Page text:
Longitude, by Dava Sobel: Longitude recounts the late 18th century race to find a reliable way for sailors to determine their longitude, thus preventing the frequent tragedy and economic loss that stemmed from ships perpetually being lost. John Harrison, an English clockmaker, found a solution but then had to battle the academic establishment for decades to gain recognition for his accomplishment. I couldn't put it down.

The Wild Muir, edited by Lee Stetson: Tales told in John Muir's own words of his adventures and explorations from sliding down an upper-story slate roof in his childhood Scotland to riding an avalanche in the Sierras. One of my all-time favorite books.


Gift from the Sea, by Anne Morrow Lindbergh: Written by Charles Lindbergh's wife, this is a must-read for women. With its gentle allegory of the ocean, the book illuminates how to find balance between personal fulfillment and external obligation...definitely falls in the "internal exploration" category. I reread it whenever I need grounding.

The End! (for now (: )

Tuesday, October 21, 2008

I Think, Therefore I Explore

The Blog:
When I hear “explore,” I tend to think first of men like Columbus sailing past the edge of the earth. For most of us, though, the majority of the exploration we experience in life involves not going anywhere. Instead, it’s about questioning and soul searching. The middle grade novel I chose this week includes some of each.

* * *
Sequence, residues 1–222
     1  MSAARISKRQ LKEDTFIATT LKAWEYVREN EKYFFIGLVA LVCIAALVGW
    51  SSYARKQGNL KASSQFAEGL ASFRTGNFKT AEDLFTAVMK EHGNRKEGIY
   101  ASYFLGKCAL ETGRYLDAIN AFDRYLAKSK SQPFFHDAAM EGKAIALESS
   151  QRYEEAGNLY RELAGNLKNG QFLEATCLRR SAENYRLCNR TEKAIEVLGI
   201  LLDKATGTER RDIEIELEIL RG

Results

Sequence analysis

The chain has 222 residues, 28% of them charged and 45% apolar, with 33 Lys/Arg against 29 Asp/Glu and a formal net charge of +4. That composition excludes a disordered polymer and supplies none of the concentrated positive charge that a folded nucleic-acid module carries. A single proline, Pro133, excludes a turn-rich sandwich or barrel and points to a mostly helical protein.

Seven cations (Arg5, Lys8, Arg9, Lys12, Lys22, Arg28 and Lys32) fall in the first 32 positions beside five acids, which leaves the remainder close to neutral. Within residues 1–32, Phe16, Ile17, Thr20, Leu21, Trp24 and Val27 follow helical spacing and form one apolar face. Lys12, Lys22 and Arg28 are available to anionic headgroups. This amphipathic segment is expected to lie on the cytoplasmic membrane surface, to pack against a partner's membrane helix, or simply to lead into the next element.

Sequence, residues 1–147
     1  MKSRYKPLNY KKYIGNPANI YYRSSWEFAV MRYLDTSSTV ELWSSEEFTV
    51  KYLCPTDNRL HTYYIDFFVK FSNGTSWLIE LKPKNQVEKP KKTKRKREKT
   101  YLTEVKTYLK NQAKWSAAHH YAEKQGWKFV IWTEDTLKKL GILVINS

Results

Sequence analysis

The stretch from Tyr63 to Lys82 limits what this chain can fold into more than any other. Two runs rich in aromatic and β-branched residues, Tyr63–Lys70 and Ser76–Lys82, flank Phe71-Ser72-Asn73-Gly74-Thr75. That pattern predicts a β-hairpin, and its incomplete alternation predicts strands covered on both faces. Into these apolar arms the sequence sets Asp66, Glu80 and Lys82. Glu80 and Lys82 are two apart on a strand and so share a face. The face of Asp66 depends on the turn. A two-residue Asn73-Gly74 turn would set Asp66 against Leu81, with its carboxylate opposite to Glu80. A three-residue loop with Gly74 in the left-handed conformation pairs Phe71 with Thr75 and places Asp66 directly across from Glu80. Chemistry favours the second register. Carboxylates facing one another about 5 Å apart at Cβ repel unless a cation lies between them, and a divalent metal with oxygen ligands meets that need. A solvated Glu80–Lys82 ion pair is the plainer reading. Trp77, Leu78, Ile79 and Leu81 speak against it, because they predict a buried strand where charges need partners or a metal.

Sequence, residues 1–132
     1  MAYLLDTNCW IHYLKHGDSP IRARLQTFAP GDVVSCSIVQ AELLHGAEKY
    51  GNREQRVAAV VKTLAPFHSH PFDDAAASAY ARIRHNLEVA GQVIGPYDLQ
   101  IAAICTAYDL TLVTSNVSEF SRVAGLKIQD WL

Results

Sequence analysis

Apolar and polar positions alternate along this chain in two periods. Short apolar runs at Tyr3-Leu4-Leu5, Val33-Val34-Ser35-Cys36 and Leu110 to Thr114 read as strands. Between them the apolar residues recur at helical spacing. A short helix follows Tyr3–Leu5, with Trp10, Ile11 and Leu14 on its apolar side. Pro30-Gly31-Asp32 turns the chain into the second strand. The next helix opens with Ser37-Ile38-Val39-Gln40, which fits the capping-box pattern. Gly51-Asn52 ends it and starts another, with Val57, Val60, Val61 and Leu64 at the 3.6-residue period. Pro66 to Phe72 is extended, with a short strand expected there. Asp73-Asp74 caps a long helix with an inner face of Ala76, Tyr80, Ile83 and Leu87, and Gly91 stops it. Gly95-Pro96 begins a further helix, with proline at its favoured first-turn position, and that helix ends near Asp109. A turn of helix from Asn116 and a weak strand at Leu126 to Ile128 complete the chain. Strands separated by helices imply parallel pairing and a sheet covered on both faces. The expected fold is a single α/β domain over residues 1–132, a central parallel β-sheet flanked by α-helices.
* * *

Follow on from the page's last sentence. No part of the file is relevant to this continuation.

The Quotes:
Exploration is really the essence of the human spirit.
Frank Borman

We shall not cease from exploration and the end of all our exploring will be to arrive where we started... and know the place for the first time.
T.S. Eliot

The Book:
Middle Grade Novel: A Single Shard, by Linda Sue Park (Newbery Winner)

None of my kids has read A Single Shard—yet—but it’s my very favorite middle grade novel. Set in a twelfth-century Korean potters village, the story follows an orphan boy who wants to learn to make the celadon pottery the village is famous for. Beginning with this simple longing and ending with a dangerous journey, the story is poignant and beautifully told and well worth the read, for adults as well as kids.

The Links:
To learn more about Linda Sue Park and her work, try her website at http://www.lspark.com/.

The Metropolitan Museum has a fun interactive site about celadon pottery; to check it out, go to http://www.metmuseum.org/explore/celadon/html/startpage.htm.

I found the above exploration quotes at the following link. To find more, look at http://thinkexist.com/quotations/exploration/.